Winter 2005

Fleda Brown


Fleda Brown Fleda Brown's fifth collection of poems, The Women Who Loved Elvis All Their Lives, was published this year by Carnegie Mellon University Press. She is professor of English at the University of Delaware and Poet Laureate of Delaware.
Elegy For A Woman Killed On New   Click to hear in real audio
London Road By A Flying Deer

As the deer hit the hood of the first car
and flew backward into her own windshield,
hoofs and fur, I hope there was an instant
when it was not just surprise, but something
important. Maybe the doomed pass
matter-of-factly from one state to another,
but I hope they examine the transition
with interest, their attention for once exact
and full. She's definitely got my attention,
with the deer rocketing on, wild snout,
wild eyes that also know this is it—
the final event that comes fast and slow
at once. I have her feeling gorgeous
for a second, her old fictions of herself
flying headlong and light as the holy ghost
into the actual creature. I have her devoted
for that second to love, meaning certain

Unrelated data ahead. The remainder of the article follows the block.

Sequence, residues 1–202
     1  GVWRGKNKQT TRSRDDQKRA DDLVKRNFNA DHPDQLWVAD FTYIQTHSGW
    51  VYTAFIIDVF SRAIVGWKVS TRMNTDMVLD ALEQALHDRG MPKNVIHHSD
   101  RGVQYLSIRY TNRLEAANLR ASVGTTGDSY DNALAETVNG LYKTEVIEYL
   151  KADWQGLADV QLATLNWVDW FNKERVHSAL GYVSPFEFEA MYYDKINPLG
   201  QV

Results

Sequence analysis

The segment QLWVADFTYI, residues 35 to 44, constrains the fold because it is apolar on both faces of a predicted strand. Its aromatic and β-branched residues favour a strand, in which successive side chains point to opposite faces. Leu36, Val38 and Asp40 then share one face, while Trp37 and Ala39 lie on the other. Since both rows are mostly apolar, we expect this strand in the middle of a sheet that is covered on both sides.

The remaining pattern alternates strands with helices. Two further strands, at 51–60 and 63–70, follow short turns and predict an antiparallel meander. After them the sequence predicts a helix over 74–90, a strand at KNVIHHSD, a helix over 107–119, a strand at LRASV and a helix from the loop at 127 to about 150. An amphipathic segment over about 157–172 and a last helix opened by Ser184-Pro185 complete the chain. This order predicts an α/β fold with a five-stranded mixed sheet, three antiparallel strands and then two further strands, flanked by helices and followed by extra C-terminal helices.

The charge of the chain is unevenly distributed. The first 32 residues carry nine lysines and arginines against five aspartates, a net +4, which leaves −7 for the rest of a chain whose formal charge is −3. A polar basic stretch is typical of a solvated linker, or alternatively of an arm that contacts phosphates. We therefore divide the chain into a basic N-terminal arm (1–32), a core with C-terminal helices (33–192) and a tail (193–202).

tendencies fulfilled. Finally, the vacillations,
the in and out of breath, the eating
and eliminating, the loving and hating,
meeting without caution or shame—
not in theory, but in fur, eye, tuft of ear-hair,
hoof, glass, bone, her own, flaming,
fused. This is the bit of faith I can muster
for myself, that the shattering turns out
to be the most important part, before
the shifting starts: visitation, vis á vis,
no way to see more. Like childbirth,
it shouldn't be missed, no matter that she'll
never exactly remember how amazing it was.



Poem For Our Twelfth Wedding Anniversary    Click to hear in real audio

I've lasted three days longer now than marriage number two,
a week longer than my number one. But the thirty-six years you

shared with your previous darling—I have a ways to go. Still,
we have to account for the way time compresses, distills.

We've been together barely nineteen percent of your life,
now, twenty percent of mine. All that wake behind us, that strife,

it's as if we're wading through peanut butter. Neither of us
keeps souvenirs, other than our children, but every time you touch

my elbow, the inside of my wrist, I think of the difference. Not
think. The undertow of the past sounds a tone against that spot

like a temple bell under my skin. We're never entirely alone.
Let me put it this way: suppose we go to the matinee, our known

life left out there in the sun. We're ready to fling ourselves into
the plot, shed a few tears, which is the fun of it. Something new.

Then we're stunned by the inside light, made of all our infinite
remembered people and places, re-shuffled to form this exquisite,

this strange tale. Sure, it makes us sad, or sorry, but the edifice
itself is pure bliss: all of us here, we're all caught up in the kiss.




Fleda Brown: Poetry
Copyright © 2005 The Cortland Review Issue 27The Cortland Review